Weekly castor oil self-massage can do wonders for sore muscles, tweaked joints, and all those random aches and pains.  It can also help to remove excess heat and ama (the ayurvedic term for digestive sludge, the product of inadequate digestion) from the body, leaving you cooler, calmer, and cleaner from the inside out.

Castor oil is pressed from the seeds of the Castor plant (ricinus communis) which are also used to make the poison Ricin.  The presence of mildly toxic ricinoleic acid in castor oil, which the oil transports through the skin, stimulates an inflammation response -- the body's natural healing mechanism -- which increases blood flow and cellular regeneration in the affected areas.

Be sure to use high quality cold pressed, cold processed oil for your castor oil bath.  Follow the instructions for dry brushing and oil massage:  prepare the skin with vigorous brushing, then massage the oil through the skin from head to toe in long, firm circular strokes.  But instead of washing the oil off right away, lie down on a towel (preferably one you don't intend to use for any other purpose) and allow the oil to soak deeper into the tissues of the body.  Start with just 5 minutes of soak time and gradually work up to 20, 30, or even 45 minutes over the course of several weeks.  When you're ready, wash the oil off in a hot shower. 

2.  Foam Roller & Trigger Point Release

It is easy to convince ourselves that yoga is all we need, especially if we do it every day, but for many of us with persistent soreness or joint problems, our bodies vehemently disagree.  To this end, professional massage is wonderful, but the effects are short-lived.  Since few among us have the time or money to see a massage therapist every time we feel a kink, foam rollers and massage balls are great options.

A basic, firm foam roller is fabulous for massaging tight quadriceps, calf muscles, IT bands, and sides.  For trigger point release in the hips and back, use a tennis ball, your body weight, and breath to untangle knots and tension.  A golf ball or similarly sized massage ball works well for releasing hands, feet, forearms, and face.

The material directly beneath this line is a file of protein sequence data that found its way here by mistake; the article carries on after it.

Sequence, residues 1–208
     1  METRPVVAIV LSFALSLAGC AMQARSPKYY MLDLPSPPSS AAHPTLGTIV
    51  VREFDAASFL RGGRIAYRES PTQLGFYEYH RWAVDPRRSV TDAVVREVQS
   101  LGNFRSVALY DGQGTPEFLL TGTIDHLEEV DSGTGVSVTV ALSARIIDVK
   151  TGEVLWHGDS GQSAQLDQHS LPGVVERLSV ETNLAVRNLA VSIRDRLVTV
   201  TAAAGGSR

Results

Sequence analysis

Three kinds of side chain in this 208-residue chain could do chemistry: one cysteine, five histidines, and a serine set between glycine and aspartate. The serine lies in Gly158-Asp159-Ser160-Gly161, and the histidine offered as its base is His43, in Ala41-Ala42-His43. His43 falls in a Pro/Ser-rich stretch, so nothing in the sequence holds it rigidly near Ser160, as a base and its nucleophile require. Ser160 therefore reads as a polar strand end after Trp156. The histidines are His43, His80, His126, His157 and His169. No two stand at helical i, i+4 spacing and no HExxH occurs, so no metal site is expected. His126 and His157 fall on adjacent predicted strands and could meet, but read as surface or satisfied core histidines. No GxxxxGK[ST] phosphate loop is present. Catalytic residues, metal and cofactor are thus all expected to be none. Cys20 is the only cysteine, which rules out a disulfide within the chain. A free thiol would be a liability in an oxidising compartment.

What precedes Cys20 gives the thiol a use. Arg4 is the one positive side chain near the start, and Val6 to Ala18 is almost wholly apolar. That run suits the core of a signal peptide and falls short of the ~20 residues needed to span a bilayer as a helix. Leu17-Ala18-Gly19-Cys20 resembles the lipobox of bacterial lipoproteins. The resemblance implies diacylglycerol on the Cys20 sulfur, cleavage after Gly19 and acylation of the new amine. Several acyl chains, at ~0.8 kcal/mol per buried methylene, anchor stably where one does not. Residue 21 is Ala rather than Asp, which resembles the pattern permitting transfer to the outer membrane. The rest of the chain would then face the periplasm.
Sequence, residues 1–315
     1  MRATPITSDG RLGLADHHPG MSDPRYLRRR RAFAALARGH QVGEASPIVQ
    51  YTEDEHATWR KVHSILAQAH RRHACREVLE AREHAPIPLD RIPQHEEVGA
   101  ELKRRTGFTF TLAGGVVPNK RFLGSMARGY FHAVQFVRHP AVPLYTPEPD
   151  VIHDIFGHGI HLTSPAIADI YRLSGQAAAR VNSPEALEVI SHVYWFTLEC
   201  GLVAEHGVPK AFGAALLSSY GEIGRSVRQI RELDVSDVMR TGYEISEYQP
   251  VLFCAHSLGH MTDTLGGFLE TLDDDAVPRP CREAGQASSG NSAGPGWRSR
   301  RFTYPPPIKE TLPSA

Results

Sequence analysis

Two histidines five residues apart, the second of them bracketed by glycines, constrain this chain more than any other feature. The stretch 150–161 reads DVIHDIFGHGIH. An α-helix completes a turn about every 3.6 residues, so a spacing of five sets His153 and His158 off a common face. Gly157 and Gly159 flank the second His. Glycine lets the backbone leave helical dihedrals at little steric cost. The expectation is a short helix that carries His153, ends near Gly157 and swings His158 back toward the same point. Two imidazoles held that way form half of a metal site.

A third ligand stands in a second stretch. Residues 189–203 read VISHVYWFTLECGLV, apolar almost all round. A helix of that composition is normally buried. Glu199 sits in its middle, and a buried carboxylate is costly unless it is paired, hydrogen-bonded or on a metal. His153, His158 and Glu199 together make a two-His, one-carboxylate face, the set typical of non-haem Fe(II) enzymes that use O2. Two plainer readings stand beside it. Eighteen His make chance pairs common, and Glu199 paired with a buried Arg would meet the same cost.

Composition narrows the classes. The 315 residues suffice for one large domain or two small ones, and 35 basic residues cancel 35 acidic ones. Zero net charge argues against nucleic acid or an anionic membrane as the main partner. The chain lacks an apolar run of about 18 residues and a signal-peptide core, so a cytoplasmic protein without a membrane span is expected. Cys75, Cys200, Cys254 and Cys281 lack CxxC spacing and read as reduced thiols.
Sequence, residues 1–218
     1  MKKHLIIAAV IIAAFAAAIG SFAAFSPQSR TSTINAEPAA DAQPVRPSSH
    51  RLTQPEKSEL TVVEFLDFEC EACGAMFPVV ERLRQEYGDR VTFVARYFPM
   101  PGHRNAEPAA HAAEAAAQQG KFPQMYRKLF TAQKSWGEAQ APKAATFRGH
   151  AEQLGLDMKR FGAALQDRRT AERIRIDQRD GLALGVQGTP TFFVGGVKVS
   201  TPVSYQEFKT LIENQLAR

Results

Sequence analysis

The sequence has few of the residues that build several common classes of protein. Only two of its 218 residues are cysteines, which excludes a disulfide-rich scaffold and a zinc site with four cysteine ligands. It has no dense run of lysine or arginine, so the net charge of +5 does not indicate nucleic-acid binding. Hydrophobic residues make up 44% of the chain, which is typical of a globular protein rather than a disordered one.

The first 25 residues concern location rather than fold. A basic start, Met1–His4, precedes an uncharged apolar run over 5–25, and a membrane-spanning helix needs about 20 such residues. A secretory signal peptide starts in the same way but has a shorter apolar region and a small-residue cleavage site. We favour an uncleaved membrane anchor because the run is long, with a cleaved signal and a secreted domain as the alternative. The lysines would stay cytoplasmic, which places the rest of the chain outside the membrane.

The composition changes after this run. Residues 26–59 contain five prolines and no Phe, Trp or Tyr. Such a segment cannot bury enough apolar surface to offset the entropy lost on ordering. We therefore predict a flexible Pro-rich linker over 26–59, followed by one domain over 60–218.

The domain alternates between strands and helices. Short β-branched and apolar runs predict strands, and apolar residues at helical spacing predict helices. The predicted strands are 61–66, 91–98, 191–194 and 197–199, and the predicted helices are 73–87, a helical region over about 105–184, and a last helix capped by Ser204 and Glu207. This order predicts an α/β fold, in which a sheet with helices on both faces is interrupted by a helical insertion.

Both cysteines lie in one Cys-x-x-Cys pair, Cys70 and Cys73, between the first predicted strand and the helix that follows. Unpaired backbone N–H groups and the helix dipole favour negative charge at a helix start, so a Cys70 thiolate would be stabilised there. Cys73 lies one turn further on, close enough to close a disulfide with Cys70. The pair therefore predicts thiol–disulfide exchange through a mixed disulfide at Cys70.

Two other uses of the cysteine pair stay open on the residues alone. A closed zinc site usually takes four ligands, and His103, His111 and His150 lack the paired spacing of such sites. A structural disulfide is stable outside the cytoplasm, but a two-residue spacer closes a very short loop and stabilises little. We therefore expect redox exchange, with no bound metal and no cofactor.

Just a few minutes a day on problem areas can make all the difference in your practice.  Immediately after practice when the muscles are warm and soft is the best time for massage, but before bed or any time on an empty stomach is good, too.  It is best not to do deep massage work during menstruation, but if you need to release a knot, it is my opinion that a bit of upper body trigger point release would be just fine.

(For more information on how to use your foam roller and massage balls, see my post on self-massage.)

3.  Epsom Salt Baths

Though the science behind why epsom salt baths work is murky, there is loads of anecdotal evidence that epsom salt baths alleviate muscle tension, soreness, and reduce joint inflammation.  One theory is that they provide the body with a boost of magnesium, an important mineral in muscular and nervous system functioning that can be difficult to absorb adequately through diet.

You can find epsom salt for cheap at your local health food store or pharmacy.  Just put 1-2 cups in a warm bath and soak for 15-30 minutes.  Feel free to add 10-20 drops of any essential oils that you like, and a tablespoon or two of bentonite clay if you know that your water supply is thick with heavy metals.